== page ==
High water level wreaks havoc

The fifth stop of the 2017 FLW Tour took place last week at Beaver Lake, Ark. and it seems like I officially have got myself a little slump going.
After a solid Day 1 that landed me in 36th place, my Day 2 limit was much lighter and I left Arkansas with a 70th-place finish–my third-straight finish in the 70s.
Not good.
As I have said in previous columns, we get points based on where we finish in each event towards qualifying for the season-ending championship, the Forrest Wood Cup. The top 35 anglers in the 165-angler field qualify for the Cup.
I’m still hanging inside the cut in 26th place thanks to my good finishes in the first two events, but the pressure is now on to finish off strong in the last two.
Last year went really good and I was able to cash a cheque at each regular-season event, finishing fifth overall in the points race.
But it’s been much more of a grind for me this year and there now is quite a bit of added pressure to have a good tournament at the next one, which takes place in two weeks on the Mississippi River out of La Crosse, Wis.
Between now and then, I’m going to do as much as I can to prepare for that event.
At Beaver Lake, we were faced with water rising extremely fast because of heavy rains the Ozarks region received prior to us arriving and again while we were there. In all, more than 12 inches of rain fell–causing the lake to rise more than 10 feet in the time we were there.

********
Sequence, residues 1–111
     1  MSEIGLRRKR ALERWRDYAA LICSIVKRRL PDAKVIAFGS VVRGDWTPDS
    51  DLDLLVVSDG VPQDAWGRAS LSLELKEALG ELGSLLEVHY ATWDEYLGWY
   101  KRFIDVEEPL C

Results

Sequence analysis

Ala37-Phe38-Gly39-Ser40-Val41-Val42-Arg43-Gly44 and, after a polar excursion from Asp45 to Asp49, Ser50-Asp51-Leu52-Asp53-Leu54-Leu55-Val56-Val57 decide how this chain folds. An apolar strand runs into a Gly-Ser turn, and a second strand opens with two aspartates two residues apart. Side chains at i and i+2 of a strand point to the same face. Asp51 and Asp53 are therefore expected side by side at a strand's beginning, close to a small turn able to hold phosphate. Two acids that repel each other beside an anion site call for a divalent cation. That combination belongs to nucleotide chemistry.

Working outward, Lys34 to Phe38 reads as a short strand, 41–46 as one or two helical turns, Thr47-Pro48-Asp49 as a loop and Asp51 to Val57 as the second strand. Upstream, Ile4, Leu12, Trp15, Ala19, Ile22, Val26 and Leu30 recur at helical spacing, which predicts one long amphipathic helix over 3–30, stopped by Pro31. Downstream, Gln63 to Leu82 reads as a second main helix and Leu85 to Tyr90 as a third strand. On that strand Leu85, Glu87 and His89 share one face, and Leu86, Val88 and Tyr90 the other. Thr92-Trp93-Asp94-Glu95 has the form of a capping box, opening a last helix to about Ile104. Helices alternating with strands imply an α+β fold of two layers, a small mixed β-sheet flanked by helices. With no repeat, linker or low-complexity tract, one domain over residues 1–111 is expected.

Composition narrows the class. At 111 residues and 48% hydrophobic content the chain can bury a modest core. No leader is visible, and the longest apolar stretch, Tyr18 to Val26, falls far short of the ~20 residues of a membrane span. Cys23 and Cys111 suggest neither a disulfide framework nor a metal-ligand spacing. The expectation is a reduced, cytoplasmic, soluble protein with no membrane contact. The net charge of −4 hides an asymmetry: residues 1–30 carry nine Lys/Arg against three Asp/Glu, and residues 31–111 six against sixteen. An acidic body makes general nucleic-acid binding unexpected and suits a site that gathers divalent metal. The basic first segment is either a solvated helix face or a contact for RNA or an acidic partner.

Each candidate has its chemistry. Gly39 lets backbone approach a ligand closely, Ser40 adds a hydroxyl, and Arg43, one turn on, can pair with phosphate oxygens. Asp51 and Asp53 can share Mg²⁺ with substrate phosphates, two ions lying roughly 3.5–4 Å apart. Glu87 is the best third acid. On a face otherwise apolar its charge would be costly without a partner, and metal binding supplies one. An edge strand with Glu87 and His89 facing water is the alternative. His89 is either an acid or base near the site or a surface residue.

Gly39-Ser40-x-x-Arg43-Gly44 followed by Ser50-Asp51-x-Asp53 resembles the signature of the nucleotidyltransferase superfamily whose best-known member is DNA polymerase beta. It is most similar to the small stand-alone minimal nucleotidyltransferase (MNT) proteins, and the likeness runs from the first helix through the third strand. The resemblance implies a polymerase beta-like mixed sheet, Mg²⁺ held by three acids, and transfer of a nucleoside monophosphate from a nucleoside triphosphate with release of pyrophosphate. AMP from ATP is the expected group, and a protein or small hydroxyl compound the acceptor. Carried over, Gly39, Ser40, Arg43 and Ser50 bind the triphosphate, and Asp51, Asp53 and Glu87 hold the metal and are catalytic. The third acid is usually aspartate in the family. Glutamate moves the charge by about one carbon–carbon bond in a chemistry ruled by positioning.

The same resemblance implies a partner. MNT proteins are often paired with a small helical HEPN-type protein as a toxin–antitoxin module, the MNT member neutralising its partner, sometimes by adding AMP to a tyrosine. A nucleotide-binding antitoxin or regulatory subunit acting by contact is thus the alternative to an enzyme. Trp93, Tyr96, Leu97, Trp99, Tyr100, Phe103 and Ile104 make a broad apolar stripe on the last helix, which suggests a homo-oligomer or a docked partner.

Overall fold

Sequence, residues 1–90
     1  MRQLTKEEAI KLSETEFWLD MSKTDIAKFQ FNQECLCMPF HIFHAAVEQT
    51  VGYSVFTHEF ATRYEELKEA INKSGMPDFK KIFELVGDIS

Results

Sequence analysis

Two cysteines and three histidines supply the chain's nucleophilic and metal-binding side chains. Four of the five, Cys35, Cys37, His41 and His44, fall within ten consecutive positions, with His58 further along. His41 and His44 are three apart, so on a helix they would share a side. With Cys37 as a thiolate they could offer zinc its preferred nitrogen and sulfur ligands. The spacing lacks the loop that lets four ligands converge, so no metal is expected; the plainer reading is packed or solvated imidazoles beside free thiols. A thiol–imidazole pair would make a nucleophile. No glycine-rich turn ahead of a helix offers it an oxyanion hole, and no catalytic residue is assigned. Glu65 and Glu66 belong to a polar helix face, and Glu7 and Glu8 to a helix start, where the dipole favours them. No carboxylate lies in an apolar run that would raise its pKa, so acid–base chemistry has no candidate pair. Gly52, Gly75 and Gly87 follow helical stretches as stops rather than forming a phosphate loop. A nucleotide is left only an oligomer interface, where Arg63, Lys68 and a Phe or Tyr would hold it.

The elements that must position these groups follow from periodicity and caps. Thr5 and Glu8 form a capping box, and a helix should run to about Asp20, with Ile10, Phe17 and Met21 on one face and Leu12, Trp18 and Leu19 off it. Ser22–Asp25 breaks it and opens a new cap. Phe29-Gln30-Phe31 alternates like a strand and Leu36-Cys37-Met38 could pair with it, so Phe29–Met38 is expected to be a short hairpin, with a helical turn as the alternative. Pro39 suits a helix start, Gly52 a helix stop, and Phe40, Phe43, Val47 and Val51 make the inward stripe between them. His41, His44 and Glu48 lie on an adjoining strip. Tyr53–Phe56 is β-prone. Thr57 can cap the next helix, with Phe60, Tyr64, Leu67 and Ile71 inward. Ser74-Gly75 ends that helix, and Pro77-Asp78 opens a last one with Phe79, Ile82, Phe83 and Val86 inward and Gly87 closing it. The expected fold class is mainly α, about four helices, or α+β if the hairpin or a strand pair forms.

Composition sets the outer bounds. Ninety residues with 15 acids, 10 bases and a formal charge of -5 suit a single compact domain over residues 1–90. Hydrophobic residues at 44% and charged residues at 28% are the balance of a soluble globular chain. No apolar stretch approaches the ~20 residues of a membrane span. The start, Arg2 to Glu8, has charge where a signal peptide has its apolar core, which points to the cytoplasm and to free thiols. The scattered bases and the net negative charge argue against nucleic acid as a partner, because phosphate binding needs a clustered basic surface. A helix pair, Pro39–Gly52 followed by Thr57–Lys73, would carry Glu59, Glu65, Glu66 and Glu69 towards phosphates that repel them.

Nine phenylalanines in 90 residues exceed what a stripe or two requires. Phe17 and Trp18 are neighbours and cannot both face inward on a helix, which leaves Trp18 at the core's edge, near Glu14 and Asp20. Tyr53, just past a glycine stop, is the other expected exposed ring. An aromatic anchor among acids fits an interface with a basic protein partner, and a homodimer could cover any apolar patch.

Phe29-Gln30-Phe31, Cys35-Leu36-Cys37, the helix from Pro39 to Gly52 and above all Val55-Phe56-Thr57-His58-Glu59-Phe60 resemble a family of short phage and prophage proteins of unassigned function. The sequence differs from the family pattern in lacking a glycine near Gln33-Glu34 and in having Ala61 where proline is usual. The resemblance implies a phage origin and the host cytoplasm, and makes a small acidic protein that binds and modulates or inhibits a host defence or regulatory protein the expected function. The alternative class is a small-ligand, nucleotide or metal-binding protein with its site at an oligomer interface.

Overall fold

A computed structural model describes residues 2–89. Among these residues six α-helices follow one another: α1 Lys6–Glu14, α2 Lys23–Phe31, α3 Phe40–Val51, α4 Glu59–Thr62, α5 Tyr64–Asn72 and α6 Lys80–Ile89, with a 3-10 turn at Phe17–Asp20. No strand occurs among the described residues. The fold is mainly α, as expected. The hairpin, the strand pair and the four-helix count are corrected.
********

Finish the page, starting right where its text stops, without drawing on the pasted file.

My three-day practice for this event went pretty good. Beaver Lake is notorious for tough fishing, with mostly smaller-sized bass. I have had success there using light line and finesse baits, for the most part, and that was my strategy again this time.
I was catching fish around a specific type of rock and it was a pattern that I could use all over the lake, so I was excited for the tournament to start.
On the first day of the tournament last Thursday, the fishing was not nearly as good as the practice was for me, but I managed to catch a few nice fish and brought in a decent limit.
On Day 2, I was confident my finesse tactics would be able to get me a decent finish and hopefully earn a cheque. In the end, however, a lot of the fish moved from my rocks up into the newly-flooded bushes and trees along the bank.
It was my first time experiencing rapidly-rising water in one of these events, so I sort of missed what was happening.
I was disappointed because I knew these fish would move shallow but I just tried to grind it out doing what I was doing. Instead, I needed to be more open-minded and versatile.
It was an 18-hour drive home to Kenora from Rogers, Ark. so I had plenty of time to consider my poor decisions on the long drive home.
My roommate on the road for these tournaments, Brandon McMillan from Florida, made much wiser decisions than me and moved shallow. He ended up having a great tournament, finishing in ninth place, so I was really happy for him.
While back home, I’m planning to spend a few days in the boat catching a bunch of bass out on Lake of the Woods to try and get my fishing back on track so I will be ready to go in Wisconsin in a couple of weeks.